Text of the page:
Still, there are moments when it almost works – as if Anderson is capturing something approaching the heartbeat of the world in the sound of a car’s indicators or the steady rhythm of a hospital monitor or the sound of rain outside. Although it doesn’t synch up as perfectly as it needs to, at one point Mark Snow’s music seems to swell in rhythm with this sound design. It is a very clever idea, albeit one that is not executed as well as it needs to be. (In some respects, it seems to prefigure the ticking metronome running through Brian Reitzell’s Mizumono score.)

The sheer ninetiesness of the episode is arguably captured in Anderson’s decision to include Moby’s My Weakness and The Sky is Broken as part of the episode’s soundtrack. all things aired at a point where Moby’s Play was becoming ubiquitous. Every track on the album had been licensed for use in multimedia. It represented the third time that a Chris Carter show had borrowed a track from the album over the course of the season. Leviathan had included Run On, and Closure had been bookended by My Weakness.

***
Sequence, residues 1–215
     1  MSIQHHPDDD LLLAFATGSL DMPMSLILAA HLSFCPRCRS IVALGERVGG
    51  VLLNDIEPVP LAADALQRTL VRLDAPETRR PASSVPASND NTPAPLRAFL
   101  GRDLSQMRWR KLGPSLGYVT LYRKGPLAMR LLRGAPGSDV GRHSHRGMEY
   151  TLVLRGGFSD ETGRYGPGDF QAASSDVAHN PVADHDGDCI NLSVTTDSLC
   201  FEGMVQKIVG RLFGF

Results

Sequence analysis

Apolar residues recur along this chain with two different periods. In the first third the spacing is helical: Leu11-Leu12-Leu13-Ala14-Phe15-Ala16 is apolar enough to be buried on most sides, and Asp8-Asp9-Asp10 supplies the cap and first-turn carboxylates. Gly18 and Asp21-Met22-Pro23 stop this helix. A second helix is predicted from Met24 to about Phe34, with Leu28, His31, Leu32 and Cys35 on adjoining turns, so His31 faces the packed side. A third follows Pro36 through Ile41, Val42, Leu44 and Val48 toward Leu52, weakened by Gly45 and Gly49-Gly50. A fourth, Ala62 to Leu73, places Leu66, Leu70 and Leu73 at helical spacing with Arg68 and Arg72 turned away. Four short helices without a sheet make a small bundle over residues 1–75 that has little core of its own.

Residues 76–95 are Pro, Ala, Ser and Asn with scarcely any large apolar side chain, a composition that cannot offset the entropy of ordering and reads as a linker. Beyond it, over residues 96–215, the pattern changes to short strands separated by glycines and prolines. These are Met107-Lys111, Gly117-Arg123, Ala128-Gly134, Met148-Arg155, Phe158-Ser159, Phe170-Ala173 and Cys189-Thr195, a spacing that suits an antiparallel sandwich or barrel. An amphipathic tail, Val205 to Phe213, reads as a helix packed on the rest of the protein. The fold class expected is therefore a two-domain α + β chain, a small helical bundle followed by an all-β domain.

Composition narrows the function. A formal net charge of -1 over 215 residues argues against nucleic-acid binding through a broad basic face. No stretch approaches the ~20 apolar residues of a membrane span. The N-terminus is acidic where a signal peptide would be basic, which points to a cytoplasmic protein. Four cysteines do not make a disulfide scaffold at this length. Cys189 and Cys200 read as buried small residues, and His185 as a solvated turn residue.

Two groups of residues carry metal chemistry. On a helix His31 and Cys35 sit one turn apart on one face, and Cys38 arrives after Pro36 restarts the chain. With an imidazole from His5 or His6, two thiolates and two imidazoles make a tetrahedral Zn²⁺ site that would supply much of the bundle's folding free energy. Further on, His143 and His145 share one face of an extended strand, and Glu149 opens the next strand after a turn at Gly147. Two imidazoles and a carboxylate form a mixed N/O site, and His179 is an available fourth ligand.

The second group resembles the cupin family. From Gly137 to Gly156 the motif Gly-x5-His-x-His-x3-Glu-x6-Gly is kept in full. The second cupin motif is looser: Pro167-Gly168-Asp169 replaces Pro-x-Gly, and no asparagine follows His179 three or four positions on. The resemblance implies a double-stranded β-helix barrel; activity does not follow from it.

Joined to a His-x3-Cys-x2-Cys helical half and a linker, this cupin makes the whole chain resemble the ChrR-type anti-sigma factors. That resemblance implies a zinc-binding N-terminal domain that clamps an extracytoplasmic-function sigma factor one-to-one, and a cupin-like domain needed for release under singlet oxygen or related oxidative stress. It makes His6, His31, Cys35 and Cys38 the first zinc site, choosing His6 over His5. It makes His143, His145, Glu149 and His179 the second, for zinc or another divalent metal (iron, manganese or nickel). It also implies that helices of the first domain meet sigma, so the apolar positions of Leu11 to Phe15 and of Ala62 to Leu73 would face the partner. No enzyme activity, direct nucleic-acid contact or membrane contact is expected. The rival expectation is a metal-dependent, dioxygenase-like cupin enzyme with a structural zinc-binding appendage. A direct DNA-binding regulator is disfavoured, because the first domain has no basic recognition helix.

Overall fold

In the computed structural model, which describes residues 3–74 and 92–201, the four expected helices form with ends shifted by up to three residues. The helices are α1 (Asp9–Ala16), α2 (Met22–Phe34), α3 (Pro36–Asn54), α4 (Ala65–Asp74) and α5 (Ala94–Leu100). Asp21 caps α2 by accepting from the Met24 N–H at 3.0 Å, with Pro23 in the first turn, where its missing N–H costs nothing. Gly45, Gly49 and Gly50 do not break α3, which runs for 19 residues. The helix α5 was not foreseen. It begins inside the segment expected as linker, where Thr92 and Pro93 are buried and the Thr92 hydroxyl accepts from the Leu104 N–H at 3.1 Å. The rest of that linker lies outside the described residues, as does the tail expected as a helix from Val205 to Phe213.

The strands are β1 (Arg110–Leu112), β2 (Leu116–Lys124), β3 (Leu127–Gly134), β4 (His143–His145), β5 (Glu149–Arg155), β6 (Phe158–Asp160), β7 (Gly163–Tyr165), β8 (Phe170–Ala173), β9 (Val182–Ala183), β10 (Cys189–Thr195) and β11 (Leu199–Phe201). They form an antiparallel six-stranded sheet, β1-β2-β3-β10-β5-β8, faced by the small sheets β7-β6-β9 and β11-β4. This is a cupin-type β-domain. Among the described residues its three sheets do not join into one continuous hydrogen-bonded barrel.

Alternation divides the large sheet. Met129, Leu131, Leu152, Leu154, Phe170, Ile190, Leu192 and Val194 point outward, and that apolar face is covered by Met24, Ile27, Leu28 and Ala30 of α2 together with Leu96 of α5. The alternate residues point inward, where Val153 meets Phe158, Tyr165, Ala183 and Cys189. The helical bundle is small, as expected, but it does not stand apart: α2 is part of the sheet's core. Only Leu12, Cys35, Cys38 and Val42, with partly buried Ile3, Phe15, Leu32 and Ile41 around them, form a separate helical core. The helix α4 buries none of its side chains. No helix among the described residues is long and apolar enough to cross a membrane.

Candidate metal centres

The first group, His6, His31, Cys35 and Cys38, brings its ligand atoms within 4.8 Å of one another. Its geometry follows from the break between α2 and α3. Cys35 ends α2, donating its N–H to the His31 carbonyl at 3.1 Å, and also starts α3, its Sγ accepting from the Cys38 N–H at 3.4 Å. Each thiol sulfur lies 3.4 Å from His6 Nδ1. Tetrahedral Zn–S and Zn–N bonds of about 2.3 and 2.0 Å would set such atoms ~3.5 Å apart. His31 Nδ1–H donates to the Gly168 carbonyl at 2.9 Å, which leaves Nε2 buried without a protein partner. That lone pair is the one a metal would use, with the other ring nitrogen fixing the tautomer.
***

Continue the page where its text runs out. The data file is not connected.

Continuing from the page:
Assessing the cultural impact of Play ten years later, Moby singled out Gillian Anderson’s use of The Sky is Broken as one of his favourite uses of material from the album:

My Weakness is such a strange piece of music. There’s no drums and it’s this odd African choir loop — I sampled it 12 years ago, I don’t remember what it’s from. What was most gratifying for me when Play became successful was when people liked the more obscure songs. Gillian Anderson used The Sky Is Broken in an X-Files. I was so flattered that someone had listened to the whole record.

In a way, it is very much a marker of the cultural moment; Moby’s Play was very much an album that marked the transition between the twentieth and twenty-first century. Old ideas, resampled and remixed, for a new audience.

all things doesn’t work. It doesn’t necessarily come that close to working. It feels more like a New Age thesis statement than an episode of television. At the same time, it has an endearing earnestness and experimental attitude to it that helps to offset these very serious flaws. It would be too much to describe all things as a success, but it is certainly a very interesting failure.

You might be interested in our reviews of the seventh season of The X-Files:

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8 Responses